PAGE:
Methods and Analysis

Study design

Using a randomised controlled trial design, a pilot test of the PN intervention will be conducted in collaboration with the Family Health Centers of San Diego (FHCSD), a federally qualified health centre.17 Bilingual research assistants will recruit 60 young adult Latino MSM at-risk for HIV in San Diego County, California; this sample size is well within the bounds of recommendations for pilot trials.18 After a research assistant obtains informed consent, participants will complete baseline surveys and the research assistant will individually randomise each participant to one of two conditions: usual care plus written information (UC) or PN. At 3-month and 6-month follow-up, participants will be asked to complete surveys. Individuals randomised to PN will also be asked to participate in a key informant interview at 6 months. Participants’ electronic health records (EHRs) will be reviewed at 6-month follow-up to assess their engagement in the PrEP continuum. The study methods and PN intervention will be reviewed for feasibility, acceptability, and the preliminary impact of the PN intervention in preparation for a future full-scale efficacy trial. In addition, the pilot test will evaluate preliminary impact on seven PrEP continuum-related primary outcomes (i.e., scheduled and attended PrEP consultation; PrEP prescription received; PrEP prescription filled; PrEP initiated; self-reported PrEP adherence; and PrEP follow-up medical appointment attended). Analyses will be performed under the intent-to-treat principle. Participants will be compensated with a $50 gift card to an online retailer at each of the three assessment time points (baseline, 3-month follow-up and 6-month follow-up) (see online supplemental appendices 1-3 for informed consents and WHO Trial Registration Data Set).

Patient and public involvement

As suggested by intervention mapping, a participatory planning group (PPG) of programme stakeholders guided the design of the PN intervention. The PPG includes a consultant and HIV expert, potential programme implementers, young Latino MSM and community members who interact with or deliver services to people who may benefit from the intervention. The PPG was instrumental in helping us develop the intervention materials and recruitment approaches. This group will continue to meet on an as-needed basis (with compensation for their time) and will assist with dissemination of research findings both in the community and in peer-reviewed publications and presentations.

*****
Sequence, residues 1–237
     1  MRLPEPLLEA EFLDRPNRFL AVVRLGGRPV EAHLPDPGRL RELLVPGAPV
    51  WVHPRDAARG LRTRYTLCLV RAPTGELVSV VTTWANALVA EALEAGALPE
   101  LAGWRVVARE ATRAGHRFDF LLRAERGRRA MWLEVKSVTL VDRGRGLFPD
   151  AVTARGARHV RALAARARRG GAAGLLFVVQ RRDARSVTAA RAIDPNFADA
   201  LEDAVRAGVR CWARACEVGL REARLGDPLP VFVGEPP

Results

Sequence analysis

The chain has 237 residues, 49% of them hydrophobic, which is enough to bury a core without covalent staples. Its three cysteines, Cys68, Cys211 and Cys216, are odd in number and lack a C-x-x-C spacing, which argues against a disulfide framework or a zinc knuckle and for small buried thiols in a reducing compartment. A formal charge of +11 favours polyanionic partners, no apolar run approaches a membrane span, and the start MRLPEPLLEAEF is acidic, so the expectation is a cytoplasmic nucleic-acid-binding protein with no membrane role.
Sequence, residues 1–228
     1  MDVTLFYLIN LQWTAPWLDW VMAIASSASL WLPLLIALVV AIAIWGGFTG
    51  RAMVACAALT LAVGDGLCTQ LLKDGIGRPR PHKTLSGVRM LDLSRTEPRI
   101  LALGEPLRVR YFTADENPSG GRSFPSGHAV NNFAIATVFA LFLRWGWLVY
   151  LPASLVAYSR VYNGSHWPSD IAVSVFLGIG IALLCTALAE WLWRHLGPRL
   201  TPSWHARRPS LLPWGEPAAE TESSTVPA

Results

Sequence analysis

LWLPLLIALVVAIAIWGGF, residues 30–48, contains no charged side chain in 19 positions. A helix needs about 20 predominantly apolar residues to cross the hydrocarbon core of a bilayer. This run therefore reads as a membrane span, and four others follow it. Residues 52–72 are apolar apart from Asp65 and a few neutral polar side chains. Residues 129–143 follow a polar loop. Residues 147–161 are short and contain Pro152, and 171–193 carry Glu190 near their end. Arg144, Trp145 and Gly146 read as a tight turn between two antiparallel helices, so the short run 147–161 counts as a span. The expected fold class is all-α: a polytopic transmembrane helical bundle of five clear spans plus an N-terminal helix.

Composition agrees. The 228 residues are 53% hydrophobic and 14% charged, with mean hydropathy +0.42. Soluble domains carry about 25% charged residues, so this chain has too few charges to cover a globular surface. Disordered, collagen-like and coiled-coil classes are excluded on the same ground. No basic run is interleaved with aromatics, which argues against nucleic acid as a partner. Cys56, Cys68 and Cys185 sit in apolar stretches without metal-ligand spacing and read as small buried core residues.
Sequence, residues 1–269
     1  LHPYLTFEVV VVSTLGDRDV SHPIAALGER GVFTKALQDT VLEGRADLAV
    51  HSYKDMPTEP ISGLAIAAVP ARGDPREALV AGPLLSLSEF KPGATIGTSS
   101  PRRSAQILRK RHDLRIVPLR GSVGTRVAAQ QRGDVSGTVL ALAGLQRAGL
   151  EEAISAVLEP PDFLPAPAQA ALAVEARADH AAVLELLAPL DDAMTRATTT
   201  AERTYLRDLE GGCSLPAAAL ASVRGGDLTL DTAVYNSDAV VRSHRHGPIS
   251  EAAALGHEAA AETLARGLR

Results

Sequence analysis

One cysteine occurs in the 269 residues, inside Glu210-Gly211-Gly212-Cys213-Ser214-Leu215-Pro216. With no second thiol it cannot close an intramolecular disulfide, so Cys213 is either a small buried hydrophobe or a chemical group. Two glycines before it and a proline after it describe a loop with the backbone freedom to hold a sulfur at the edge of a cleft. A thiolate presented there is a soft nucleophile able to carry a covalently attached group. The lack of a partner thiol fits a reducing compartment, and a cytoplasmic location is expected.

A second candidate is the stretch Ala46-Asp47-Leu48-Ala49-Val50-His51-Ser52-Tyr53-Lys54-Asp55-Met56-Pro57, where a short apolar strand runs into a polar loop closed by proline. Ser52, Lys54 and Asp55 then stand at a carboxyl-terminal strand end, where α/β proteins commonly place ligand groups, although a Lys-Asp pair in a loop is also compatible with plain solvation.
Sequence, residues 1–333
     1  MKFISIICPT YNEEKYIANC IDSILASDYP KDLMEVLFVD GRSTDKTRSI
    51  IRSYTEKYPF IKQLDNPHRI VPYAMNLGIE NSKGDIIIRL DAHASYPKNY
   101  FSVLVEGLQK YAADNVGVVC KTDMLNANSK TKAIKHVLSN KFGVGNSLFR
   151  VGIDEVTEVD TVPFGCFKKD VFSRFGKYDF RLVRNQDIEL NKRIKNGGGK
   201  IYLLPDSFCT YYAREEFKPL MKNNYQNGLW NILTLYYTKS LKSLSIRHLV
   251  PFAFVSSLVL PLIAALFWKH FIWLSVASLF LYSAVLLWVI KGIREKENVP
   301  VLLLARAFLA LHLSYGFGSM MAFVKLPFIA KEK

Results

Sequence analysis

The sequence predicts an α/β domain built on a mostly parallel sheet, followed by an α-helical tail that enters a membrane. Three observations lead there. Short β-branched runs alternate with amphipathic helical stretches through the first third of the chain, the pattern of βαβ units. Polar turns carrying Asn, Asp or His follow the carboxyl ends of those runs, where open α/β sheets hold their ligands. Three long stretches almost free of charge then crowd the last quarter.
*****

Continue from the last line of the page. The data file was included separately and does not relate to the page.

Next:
The pilot RCT will take place in San Diego County, California. In 2017, San Diego had an estimated population of 3,337,685 people,19 33.9% of whom identified as Hispanic and 50.3% identified as male. Between 2012 and 2014, it was estimated that 3.9% of San Diego County’s population identified as a sexual minority.20 Our study is being conducted in partnership with FHCSD, which is San Diego’s largest federally qualified health centre, providing care to more than 140,834 patients in 2018. FHCSD delivers comprehensive healthcare in 42 sites throughout San Diego County. Each site provides a wide range of healthcare services to sexual and gender minority patients. Although we are partnering with FHCSD on this study, participants are recruited throughout San Diego County and obtain healthcare in various health systems, centres and practices in the community.

Inclusion/exclusion criteria

The following criteria are required for study inclusion: (1) age 18–29 years; (2) identifies as male; (3) identifies as gay/bisexual or reports having sex with men in past 12 months; (4) identifies as Latino/Hispanic; (5) self-reports being HIV uninfected; (6) resides in San Diego County, California; (7) speaks English or Spanish; (8) is willing and able to provide informed consent; and (9) reports at least one HIV risk factor as informed by Centers for Disease Control and Prevention (CDC) guidelines.21 MSM are at elevated risk for HIV if they report one of the following: (1) an HIV-positive sexual partner; (2) diagnosis of a bacterial sexually transmitted infection (STI) within the past 12 months; (3) engaging in condomless anal sex with a non-monogamous partner in the past 12 months; (4) engaging in commercial sex work in the past 12 months; (5) injection of illicit drugs and sharing of injection equipment in the past 12 months; or (6) engaging in drug treatment for injection drug use in the past 12 months. Individuals will be excluded if they self-report being HIV positive. The intervention is designed to meet the needs of MSM who self-report their gender identity as male, but other gender identities are allowed in the study. If a potential participant indicates that their gender identity is not ‘male’ (e.g., transgender, non-binary and gender fluid), then the participant will be informed that the study was designed for cis-male MSM and will then be invited to determine whether they feel that they will benefit from the study based on their gender identity. Participants who previously were prescribed or are currently taking PrEP will be included in the study. Participants are not required to seek care at FHCSD to be included in the study.